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Film review: Pixar finds form with the mind-bending Inside Out

PUBLISHED : Wednesday, 22 July, 2015, 10:23pm
UPDATED : Thursday, 23 July, 2015, 12:32pm

Arriving on the back of muted applause for Pixar's last three films (Cars 2, Brave and Monsters University) and shortly before the opening of its troubled production of The Good Dinosaur, Inside Out has a lot to live up to.

It is thus with much joy — if not also a receding touch of sadness and fear — that we report the animation giant's first outing in two years to be a sensational return to form. Helmed by the ever-reliable Pete Docter (Up, Monsters, Inc.) with co-director Ronaldo Del Carmen, this spirited movie is a tour de force in bringing enchanting form to abstract ideas.

What makes Inside Out and other Pixar animated movies so special

Set significantly more "inside" than "out" of the brain of an 11-year-old girl, this surreal, if somewhat scientifically precise, picture of human consciousness turns a mundane family situation into a head trip that will entertain and enlighten children and adults.

After the happy-go-lucky Riley (voiced by Kaitlyn Dias) moves with her parents (Diane Lane and Kyle MacLachlan) from her cosy habitat in Minnesota to a lifeless new house in San Francisco, she's forced to leave her best friend, quit her hockey team, start at a new school, endlessly wait for the moving van to arrive and, appallingly, put up with the broccoli-topped pie at a local pizza parlour.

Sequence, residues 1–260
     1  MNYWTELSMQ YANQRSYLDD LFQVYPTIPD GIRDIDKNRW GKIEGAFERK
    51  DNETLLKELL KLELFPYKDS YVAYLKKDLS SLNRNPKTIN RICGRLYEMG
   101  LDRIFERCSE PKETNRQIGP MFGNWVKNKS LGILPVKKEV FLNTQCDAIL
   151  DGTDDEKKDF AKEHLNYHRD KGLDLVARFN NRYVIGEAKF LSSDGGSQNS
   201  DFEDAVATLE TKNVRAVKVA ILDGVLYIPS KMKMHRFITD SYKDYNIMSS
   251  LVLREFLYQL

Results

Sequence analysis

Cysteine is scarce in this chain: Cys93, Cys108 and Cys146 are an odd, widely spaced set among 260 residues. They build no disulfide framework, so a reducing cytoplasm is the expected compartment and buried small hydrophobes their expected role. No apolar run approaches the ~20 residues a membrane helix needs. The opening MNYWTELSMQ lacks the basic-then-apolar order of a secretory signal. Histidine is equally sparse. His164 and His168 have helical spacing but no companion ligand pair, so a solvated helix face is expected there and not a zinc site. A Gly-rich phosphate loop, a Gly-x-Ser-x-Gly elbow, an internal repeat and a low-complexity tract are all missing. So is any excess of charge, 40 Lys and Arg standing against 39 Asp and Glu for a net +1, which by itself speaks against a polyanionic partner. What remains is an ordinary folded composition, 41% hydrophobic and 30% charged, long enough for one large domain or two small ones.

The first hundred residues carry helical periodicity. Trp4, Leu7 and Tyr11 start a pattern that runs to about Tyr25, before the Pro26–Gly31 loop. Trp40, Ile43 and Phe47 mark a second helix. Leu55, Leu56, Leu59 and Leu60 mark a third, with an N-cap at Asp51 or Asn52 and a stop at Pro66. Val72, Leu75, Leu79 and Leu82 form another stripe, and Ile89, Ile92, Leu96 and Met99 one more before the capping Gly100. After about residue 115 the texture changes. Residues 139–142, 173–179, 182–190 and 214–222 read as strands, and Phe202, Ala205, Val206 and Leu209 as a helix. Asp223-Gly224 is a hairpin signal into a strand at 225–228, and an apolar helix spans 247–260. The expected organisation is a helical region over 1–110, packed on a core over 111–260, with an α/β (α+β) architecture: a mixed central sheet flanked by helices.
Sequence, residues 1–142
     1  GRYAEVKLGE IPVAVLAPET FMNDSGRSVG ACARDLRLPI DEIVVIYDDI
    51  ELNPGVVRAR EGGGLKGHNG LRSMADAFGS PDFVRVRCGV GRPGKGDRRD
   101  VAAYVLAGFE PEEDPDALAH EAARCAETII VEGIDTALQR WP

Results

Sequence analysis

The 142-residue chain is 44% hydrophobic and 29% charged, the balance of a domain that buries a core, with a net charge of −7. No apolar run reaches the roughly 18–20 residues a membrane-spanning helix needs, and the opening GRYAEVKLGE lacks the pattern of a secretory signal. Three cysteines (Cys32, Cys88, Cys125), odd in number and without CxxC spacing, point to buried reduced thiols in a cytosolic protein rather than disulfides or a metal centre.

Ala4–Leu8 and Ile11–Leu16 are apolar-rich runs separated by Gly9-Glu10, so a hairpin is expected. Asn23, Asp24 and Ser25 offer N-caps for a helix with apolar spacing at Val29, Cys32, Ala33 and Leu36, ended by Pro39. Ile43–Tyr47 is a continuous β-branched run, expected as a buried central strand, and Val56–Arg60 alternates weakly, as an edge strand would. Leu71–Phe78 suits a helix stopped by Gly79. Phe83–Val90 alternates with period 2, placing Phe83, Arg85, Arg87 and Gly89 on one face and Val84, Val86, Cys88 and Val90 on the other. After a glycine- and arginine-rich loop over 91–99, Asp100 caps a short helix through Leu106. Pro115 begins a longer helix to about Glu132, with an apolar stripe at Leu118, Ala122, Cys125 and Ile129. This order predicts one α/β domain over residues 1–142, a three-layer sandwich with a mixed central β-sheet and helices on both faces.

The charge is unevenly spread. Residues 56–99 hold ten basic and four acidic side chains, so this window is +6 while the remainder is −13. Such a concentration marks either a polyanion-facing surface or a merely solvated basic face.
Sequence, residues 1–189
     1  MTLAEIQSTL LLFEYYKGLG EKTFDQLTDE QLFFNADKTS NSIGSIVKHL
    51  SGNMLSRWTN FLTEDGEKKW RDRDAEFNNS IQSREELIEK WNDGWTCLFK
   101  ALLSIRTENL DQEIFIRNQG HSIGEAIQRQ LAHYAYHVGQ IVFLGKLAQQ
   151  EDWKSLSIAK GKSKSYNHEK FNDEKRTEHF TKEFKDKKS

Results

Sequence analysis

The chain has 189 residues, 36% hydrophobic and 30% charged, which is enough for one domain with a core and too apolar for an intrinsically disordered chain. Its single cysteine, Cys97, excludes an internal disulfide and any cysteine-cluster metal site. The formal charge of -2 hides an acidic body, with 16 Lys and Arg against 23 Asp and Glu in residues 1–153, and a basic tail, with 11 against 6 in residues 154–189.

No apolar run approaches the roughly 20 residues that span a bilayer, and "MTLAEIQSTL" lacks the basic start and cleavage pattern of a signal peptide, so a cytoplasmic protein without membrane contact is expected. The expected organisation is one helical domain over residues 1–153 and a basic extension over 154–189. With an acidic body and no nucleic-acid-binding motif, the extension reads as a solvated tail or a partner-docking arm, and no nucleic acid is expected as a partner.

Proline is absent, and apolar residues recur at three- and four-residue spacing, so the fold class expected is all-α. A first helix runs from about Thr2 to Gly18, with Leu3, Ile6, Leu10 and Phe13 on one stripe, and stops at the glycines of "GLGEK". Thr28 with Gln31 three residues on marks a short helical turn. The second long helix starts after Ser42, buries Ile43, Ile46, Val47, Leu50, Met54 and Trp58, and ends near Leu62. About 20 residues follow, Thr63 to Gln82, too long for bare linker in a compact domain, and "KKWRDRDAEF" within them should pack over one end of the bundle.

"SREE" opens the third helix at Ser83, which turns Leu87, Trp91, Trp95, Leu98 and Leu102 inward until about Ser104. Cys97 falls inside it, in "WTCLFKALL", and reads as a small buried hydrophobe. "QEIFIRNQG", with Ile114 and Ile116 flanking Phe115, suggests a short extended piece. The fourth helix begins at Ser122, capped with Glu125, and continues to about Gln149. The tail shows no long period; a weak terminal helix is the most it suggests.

Inside her brain, five personified emotions — Joy (Amy Poehler), Sadness (Phyllis Smith), Anger (Lewis Black), Fear (Bill Hader) and Disgust (Mindy Kaling) — have been vying for control in front of what looks like a spaceship dashboard, with Joy being the long-acquiesced leader until the shock of Riley's recent move coasts through the pre-teen's system.

When Joy and Sadness are accidentally sent away into Riley's deeper consciousness, the girl becomes sullen as her outlook takes on shades of Anger, Fear and Disgust. As the pair strive to return to "Headquarters", the film tours us through such psychedelic mindscapes as "Imagination Land", "Abstract Thought", and the subconscious, where all the "troublemakers" go.

As much as it is a triumph of humorous designs (Riley's "Personality Islands" look like a cross between an alien planet and an amusement park; her "Dream Factory" is a filmmaking studio; and her "Train of Thought" is, well, a train), Inside Out ultimately resonates most with its audacious thesis, for a family movie especially, that sadness is an underrated emotion: it helps people cope with disappointments.

If Up was about making peace with whatever life throws at you, Docter has come up with an equally cathartic experience with this film as he points the ways to living harmoniously with one's inner self. Inside Out is both steeped in neuroscience and utterly warm-hearted.

Voiced by: Amy Poehler, Phyllis Smith, Kaitlyn Dias, Diane Lane, Bill Hader (English version) Directors: Pete Docter, Ronaldo Del Carmen Category: I

Inside Out opens on July 23